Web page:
Credit Crisis

The Stock Market's Big Lie: "I'll Take The Under"

One of the biggest “lies” in the financial world is that if you just invest your money in the markets over the long-term, you will average 7, 8 or 10% a year. Asset-gatherers don't give enough credence to the long-term effects of the “when” you start your investing cycle. The primary problem is that investors DO NOT have 100-years to invest BEFORE their disbursement cycle begins. Unfortunately, with stock valuations pushing the second highest level in history, forward return expectations (before inflation, taxes, and expenses) are extremely low.

Dan Loeb Compares Managing Money In 2016 To A "Game Of Thrones" Slaughter

"Watching Jon Snow’s epic “Battle of the Bastards” scene in the penultimate episode of this season’s Game of Thrones gives investors a sense of how it has felt to manage money during some periods over the past year. Surging enemies forming a seemingly  impossible perimeter, a crush of fellow soldiers on the field, arrows coming in overhead..."

The Helicopter Has Already Been Tested - And It Failed Spectacularly

Most of what passes for modern monetary policy is nothing more than one assumption piled upon another (and then another, and so on). Taken for granted for so long, rarely are these unproven precepts ever challenged to justify themselves to the minimal standard of internal consistency, let alone prove discrete validity by parts. The latest is “helicopter money”, another sham in a long line of them proffered by at least one central bank today because it knows, as the others, nothing they have done has worked.

With Over $13 Trillion In Negative-Yielding Debt, This Is The Pain A 1% Spike In Rates Would Inflict

There is now $13 trillion of global negative-yielding debt. And, as the WSJ writes, even a small increase in interest rates could inflict hefty losses on investors. With the 2013 "taper tantrum" the Fed sparked a selloff as it discussed ending its bond-buying program known as quantitative easing. A repeat "would be very painful for a lot of people" said J.P. Morgan. This is just how painful.

Central Bankers Around The Globle Scramble To Defend Markets: BOE Pledges $345BN; ECB, Others Promise Liquidity

There was a reason why we warned readers two days ago that "The World's Central Bankers Are Gathering At The BIS' Basel Tower Ahead Of The Brexit Result": simply enough, it was to facilitate an immediate response when a worst-cased Brexit vote hit. And that is precisely what has happened today in the aftermath of the historic British decision to exit the EU.  It started, as one would expect, with Mark Carney who said the Bank of England is ready to pump billions of pounds into the financial system as he stands at the front line of Britain’s defense against a Brexit-provoked market crisis.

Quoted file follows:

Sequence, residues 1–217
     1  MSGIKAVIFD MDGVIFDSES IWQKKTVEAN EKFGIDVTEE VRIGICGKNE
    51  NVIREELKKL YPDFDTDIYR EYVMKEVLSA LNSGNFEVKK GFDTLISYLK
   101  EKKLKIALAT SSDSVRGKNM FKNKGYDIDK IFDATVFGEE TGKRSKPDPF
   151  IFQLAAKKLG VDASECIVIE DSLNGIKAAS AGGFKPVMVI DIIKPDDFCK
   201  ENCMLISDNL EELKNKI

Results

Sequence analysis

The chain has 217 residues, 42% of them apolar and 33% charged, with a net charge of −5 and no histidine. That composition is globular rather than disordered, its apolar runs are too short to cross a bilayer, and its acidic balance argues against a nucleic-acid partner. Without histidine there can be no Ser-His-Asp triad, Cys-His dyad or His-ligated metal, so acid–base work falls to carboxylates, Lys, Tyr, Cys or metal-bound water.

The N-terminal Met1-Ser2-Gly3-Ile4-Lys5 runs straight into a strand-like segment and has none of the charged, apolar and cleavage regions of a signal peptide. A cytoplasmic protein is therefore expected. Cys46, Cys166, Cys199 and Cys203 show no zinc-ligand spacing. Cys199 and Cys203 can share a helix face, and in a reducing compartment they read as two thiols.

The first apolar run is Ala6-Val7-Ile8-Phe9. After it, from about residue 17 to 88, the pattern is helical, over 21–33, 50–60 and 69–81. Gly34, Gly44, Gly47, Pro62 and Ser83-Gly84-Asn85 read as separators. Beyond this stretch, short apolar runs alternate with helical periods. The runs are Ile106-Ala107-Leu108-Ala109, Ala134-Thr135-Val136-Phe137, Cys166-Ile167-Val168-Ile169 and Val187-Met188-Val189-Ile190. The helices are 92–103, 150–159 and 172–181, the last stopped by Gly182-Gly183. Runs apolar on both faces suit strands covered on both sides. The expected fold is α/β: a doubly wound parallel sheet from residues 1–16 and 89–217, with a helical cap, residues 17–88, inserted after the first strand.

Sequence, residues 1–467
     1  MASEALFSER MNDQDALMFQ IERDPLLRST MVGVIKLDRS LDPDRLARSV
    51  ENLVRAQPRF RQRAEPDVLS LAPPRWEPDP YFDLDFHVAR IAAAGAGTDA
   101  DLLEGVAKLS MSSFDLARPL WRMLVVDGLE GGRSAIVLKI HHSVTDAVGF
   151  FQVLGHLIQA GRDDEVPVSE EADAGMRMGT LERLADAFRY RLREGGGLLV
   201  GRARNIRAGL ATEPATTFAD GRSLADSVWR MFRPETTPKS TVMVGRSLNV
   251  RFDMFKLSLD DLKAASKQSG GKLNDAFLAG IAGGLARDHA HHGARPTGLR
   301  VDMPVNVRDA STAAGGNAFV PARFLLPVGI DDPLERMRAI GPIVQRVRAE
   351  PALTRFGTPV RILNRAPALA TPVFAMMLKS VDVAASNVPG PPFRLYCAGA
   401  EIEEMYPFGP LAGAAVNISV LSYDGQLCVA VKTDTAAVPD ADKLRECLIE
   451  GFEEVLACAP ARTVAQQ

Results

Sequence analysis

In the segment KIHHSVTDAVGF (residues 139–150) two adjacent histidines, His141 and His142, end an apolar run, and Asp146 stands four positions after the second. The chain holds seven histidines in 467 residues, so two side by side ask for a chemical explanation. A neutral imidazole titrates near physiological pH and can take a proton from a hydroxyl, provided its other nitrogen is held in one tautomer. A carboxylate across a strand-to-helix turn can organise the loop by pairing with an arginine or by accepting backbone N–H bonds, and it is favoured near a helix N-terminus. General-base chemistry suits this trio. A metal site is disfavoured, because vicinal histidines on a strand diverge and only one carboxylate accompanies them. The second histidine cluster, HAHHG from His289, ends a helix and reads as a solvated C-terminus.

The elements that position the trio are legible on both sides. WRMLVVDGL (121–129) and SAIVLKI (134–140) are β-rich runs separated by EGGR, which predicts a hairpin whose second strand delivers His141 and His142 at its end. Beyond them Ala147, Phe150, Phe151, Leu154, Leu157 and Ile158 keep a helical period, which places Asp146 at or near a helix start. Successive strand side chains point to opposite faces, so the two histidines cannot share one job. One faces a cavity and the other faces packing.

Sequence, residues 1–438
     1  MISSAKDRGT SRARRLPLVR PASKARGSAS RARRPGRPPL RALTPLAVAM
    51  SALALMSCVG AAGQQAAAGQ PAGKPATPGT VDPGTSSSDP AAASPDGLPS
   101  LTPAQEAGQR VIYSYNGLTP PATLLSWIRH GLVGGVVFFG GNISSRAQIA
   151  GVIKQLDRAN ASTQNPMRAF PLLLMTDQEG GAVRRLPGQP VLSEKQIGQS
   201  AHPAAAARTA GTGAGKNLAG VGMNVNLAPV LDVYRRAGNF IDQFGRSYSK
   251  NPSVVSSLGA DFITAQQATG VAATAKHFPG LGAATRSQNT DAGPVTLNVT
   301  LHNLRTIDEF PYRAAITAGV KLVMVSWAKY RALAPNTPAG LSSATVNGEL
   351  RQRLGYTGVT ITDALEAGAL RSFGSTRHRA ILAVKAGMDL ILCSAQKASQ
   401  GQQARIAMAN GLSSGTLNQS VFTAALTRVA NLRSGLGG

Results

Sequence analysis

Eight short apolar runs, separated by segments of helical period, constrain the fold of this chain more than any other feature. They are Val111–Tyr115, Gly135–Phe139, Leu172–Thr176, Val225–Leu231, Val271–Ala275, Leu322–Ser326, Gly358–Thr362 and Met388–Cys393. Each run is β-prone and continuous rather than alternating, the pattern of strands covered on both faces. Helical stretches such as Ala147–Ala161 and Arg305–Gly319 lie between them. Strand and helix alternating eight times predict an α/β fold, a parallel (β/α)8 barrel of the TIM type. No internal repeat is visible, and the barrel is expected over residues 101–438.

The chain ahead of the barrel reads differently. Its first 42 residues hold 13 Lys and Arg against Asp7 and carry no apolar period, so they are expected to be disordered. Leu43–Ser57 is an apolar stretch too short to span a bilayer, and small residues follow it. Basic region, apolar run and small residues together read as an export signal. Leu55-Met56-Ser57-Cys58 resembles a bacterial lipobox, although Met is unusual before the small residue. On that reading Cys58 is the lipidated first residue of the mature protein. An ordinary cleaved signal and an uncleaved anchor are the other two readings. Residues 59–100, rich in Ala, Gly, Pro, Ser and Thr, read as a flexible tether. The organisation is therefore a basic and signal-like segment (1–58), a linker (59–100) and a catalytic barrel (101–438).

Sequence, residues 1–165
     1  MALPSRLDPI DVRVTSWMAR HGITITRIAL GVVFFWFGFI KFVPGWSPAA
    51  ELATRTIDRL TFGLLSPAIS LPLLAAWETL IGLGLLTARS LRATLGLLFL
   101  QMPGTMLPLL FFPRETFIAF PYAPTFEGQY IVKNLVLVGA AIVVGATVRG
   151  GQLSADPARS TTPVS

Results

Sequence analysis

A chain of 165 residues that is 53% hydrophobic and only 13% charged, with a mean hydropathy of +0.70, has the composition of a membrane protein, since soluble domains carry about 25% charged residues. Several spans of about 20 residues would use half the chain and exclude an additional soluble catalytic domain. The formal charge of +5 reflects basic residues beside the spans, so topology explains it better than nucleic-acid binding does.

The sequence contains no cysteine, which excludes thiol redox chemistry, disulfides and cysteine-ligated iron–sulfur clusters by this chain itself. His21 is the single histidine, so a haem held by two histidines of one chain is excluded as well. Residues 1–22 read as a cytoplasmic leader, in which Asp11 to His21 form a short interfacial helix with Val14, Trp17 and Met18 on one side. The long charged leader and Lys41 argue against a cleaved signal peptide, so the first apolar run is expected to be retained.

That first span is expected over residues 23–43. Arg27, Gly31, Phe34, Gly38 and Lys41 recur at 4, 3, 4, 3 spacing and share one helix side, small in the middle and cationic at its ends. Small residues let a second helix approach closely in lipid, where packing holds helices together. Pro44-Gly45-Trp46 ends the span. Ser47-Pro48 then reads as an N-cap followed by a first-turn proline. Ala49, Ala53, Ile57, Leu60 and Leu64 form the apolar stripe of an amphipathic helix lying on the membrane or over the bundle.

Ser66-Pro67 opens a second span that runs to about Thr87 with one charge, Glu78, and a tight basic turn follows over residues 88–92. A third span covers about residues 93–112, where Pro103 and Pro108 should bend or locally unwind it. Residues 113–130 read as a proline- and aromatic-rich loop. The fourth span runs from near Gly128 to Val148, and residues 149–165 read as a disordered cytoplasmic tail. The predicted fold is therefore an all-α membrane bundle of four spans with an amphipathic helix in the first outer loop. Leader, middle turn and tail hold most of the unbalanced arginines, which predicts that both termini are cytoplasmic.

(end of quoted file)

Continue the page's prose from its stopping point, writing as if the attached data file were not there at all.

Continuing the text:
Here Is Why One Credit Rating Agency Believes Russia Is Safer Than The US

If posed with the question who has the better credit rating, the United States or Russia, most people would presumably pick the United States. However, that is not the case for Dagong Global Credit Rating Co, one of the three biggest credit rating companies in China. Here's why...

The Last Castle To Fall: Can The Narratives Behind The S&P's Resilience Be Sustained

In the last few years, several markets/asset classes have shown signs of weakness, if not outright implosion: EU banks, EU stocks, Base Metals, Energy Commodities, Japan stocks, EM stocks and currencies. The bubble built in them by the excess liquidity provided by Central banks, as they were busy fighting structural deflationary trends (and crowding the private sector out of bonds), has deflated in most parts of the market, except two: US equity and G10 Real Estate.

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The Inflation Tipping-Point

The increasingly obvious trend reversal in inflation, amid softening growth, indicates the long predicted arrival of stagflation. While not unexpected, this is likely to propel the gold price higher.

Consensus Forming: China Heading Back Into Financial Crisis

China’s historic post-2009 debt binge flew largely under the radar - fooling most observers into thinking the global economy was recovering rather than just re-leveraging. Now Beijing is back at it, borrowing over $1 trillion in this year’s first quarter, buying up commodities and creating the illusion of global growth. But this time the scam hasn’t gone unnoticed. Reporters, editors and money managers seem, at last, to be catching on. So think of today’s relative calm as the eye of yet another storm, and what’s coming as a return to the hyper-leveraged new normal.

One More Casualty Of The 9/11 Farce - The Petrodollar

It’s been about 15 years now since passenger airliners struck the World Trade Center towers on 9/11, and we are still suffering the consequences of that day, though perhaps not in the ways many Americans might believe. The 9/11 attacks were billed by the Bush Administration as a “wake-up call” for the U.S., and neocons called it the new Pearl Harbor. But instead of it being an awaking, the American public was led further into blind ignorance. Clearly, after 15 years of disastrous policy, it is time to admit that the U.S. response to 9/11 has damaged us far more than the actual attacks ever could.